I’m not a fan of touching other people’s feet. If I do, chances are:
A) I married you, you just took a shower, and I want one in return
B) I gave birth to you and your feet don’t stink…. yet.
But I LOVE getting a foot massage.
Sadly, they are in short supply after almost ten years of marriage and a lack of visits to a masseuse.
Still, there is just something magical about foot massages.
This simple fact hit me one night when my six-year-old awoke, SCREAMING.
“MY LEG HURTS! OWOWOW!” Over and over.
Nothing I did distracted The Tackler from his pain and I finally removed him from his room. I took him downstairs and grabbed some lotion, thinking a leg massage might do the trick.
“OW! It’s hurts, Mommy!” Tears streamed down his eyes, and I hit the Parenting Point of Desperation: where you will try anything you think might work.
I switched to rubbing his feet, and like a switch, his cries stopped.
“Does that feel better?” I asked.
After a few minutes I convinced him to go back to bed if I kept rubbing his feet—fearing the logistics of maneuvering him into a top bunk bed if he fell asleep.
Less than ten minutes later, his deep breaths were audible and I left the room—amazed something so simple helped.
Then Sunday night, after a very active day at the park, my three-and-a-half-year-old Lil Diva woke up two hours after falling asleep. SCREAMING.
It’s more challenging to get her to speak while incoherent, but finally I deciphered her words: “My leg hurts!”
At first, I chalked it up to her banging it on her toddler bed—she sleeps in the strangest positions.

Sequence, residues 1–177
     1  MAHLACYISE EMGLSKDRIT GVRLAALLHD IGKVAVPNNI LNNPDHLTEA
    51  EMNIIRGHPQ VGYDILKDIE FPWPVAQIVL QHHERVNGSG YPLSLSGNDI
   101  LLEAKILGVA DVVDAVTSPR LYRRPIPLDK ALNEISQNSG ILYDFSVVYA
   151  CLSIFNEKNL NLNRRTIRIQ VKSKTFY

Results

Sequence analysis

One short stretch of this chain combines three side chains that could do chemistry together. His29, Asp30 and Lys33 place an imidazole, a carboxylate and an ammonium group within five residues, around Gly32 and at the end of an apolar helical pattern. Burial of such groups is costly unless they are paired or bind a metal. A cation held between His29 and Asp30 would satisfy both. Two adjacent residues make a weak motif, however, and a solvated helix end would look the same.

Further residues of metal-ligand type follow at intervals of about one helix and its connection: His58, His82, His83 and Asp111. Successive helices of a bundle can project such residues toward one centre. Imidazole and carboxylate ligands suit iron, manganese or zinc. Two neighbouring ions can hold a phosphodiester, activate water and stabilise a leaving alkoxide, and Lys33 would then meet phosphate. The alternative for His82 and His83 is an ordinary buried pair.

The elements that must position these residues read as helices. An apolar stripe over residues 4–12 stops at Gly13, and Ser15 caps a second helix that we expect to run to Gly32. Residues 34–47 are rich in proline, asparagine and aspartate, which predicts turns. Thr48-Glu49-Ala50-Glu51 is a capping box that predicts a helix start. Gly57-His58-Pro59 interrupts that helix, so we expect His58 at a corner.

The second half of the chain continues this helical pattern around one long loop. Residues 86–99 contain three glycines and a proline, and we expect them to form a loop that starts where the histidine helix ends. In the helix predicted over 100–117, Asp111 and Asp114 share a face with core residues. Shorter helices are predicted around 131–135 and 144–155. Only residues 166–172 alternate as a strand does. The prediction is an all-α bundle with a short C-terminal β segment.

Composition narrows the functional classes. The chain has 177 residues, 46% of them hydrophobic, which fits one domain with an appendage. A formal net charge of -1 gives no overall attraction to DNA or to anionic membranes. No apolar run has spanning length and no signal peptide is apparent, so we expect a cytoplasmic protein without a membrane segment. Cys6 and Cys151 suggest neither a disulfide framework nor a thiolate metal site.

When nothing worked after twenty minutes—even a video on the iPad failed to quiet her sobs—I was reminded how this resembled her brother’s cries.
I brought her downstairs and gave her some ibuprofen (to avoid having a reoccurrence). Then I brought out the lotion and started rubbing her tiny feet.
It was the classic light switch scenario again: her cries stopped.
She was exhausted and after only a minute I convinced her to continue the foot rub in her bed and she capitulated easily.
After five minutes of a foot massage, my daughter was quiet when I paused, and I escaped to the chair in her room to make sure she didn’t scream again.
Naturally I consider myself an expert on this situation after a 2/2 success rate and consider it my duty as a parent to share how something actually worked when I hit the Parent Point of Desperation.
So if your child wakes up screaming, and claiming of leg pain—which according to my mother and Google is often credited to “growing pains”, although some medical sites claim this to be a “myth”—whatever the cause, try a good old fashioned foot massage with some lotion.
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Anyone else had a child wake up with these “growing pains”? What did you do?